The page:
I had lately a letter from Charles Holt Editor of the Bee in Connecticut, which excited my compassion in a high degree I would transmit it to you; but that I have put it into the hands of Mr Williams my Colleague to try what can be done among the Members for him, as I am unable myself to use any exertions. He complains of being cruelly treated by his still implacable enemies & persecutors & of being quite neglected by his Republican friends. Since the change in Administration, four Republican papers have been established within sixty Miles of him, which have deprived him of many subscribers, the printing for the U.S. is given to others, and what is harder, as I am informed, ’tho’ he does not mention it, one half of it to a Federal paper. His Creditors seeing him thus totally neglected are falling upon him—So that this devoted Martyr! this Hero of Republicanism! Who alone dared to wave Her Standard in the very center, in the very head quarters of Her enemies; is now about to be immured in that very Prisen for debt, from whence he had been so lately liberated from persecution. Surely Sir! this is not right, if there is nothing in the private character of the Man to authorise it; to which I own I am an entire stranger, and only know him as a Republican who has suffered persecution; & who’s intrepidity & zeal I have admired. You will I trust Sir excuse this freedom, which I would not venture to take; but that I consider it necessary for you to know the State of the Union, which is impossible, unless you receive information, & that you would receive it on this subject there appeared little probability. Besides it seems to me highly important that the Republican lamps should not be suffered to die away, & be extinguished, for want of a little oil to supply them, which might have been so easily, so unexceptionably applied & have had an auspicious effect even on the general cause. Even this trifling event should it happen, will afford triumph on the one hand & humiliation on the other; at least I feel it so.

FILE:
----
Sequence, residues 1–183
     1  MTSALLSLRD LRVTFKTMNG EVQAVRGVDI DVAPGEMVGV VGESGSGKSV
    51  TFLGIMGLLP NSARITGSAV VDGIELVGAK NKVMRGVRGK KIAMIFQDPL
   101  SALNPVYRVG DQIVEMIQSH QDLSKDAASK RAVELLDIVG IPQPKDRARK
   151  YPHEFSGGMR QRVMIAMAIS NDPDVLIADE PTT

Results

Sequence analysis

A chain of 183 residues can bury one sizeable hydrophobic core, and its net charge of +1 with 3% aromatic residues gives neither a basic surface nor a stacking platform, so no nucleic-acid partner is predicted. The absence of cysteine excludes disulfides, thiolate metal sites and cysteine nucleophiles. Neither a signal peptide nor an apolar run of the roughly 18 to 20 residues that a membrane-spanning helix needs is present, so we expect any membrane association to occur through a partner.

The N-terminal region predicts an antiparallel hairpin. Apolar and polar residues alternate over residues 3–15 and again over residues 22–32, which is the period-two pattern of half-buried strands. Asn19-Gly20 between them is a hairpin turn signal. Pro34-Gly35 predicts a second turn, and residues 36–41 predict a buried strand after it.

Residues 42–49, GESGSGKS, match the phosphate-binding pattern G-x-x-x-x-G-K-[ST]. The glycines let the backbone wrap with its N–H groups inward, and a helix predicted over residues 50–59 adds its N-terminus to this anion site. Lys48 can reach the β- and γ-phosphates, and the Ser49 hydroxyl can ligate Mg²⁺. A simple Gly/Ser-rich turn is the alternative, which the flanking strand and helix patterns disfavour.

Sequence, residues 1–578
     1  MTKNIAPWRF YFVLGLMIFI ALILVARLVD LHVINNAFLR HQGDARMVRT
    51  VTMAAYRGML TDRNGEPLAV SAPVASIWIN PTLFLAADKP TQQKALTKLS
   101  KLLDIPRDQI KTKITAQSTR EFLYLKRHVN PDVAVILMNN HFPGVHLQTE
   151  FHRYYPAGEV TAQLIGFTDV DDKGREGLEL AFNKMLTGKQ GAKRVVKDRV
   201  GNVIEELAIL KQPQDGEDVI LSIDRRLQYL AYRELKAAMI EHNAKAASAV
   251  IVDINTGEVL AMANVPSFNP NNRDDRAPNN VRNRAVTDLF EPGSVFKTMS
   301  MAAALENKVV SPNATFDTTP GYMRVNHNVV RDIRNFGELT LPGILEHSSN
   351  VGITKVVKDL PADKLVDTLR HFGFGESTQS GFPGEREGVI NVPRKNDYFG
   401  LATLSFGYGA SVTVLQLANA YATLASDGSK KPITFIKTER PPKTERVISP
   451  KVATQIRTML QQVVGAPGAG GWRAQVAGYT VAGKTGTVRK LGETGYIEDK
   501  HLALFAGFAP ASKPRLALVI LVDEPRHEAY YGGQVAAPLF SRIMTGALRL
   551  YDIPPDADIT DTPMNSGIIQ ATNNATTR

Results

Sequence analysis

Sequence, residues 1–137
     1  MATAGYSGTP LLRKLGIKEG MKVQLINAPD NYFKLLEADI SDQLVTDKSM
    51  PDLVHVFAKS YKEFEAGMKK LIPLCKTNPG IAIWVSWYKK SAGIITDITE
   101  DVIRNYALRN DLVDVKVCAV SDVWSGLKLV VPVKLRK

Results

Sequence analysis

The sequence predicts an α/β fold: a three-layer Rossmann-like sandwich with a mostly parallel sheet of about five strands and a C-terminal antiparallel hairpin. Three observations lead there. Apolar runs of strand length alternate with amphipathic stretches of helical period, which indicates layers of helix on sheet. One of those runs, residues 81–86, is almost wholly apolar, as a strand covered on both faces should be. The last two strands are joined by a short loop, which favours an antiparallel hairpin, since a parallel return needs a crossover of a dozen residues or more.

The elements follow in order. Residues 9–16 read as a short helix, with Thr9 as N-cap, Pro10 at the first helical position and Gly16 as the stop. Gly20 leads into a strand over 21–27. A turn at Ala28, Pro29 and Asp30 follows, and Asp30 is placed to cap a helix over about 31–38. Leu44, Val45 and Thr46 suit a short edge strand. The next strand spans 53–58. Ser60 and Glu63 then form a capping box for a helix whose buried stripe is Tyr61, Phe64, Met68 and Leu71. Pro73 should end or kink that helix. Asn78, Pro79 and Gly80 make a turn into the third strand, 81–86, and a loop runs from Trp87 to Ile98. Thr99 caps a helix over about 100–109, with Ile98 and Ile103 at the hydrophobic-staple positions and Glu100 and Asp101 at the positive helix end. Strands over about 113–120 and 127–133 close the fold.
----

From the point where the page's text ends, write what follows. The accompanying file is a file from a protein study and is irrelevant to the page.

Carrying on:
I would add some further information—but am too weak, which must be my apology for the inaccuracies of this, & for failing to answer the notes by your servant. Permit me to add that I am with sentiments of the strongest attachment to, & the warmest wishes for the success & happiness of your Administration, upon which I consider the existence of Republicanism to depend, with the greatest respect Sir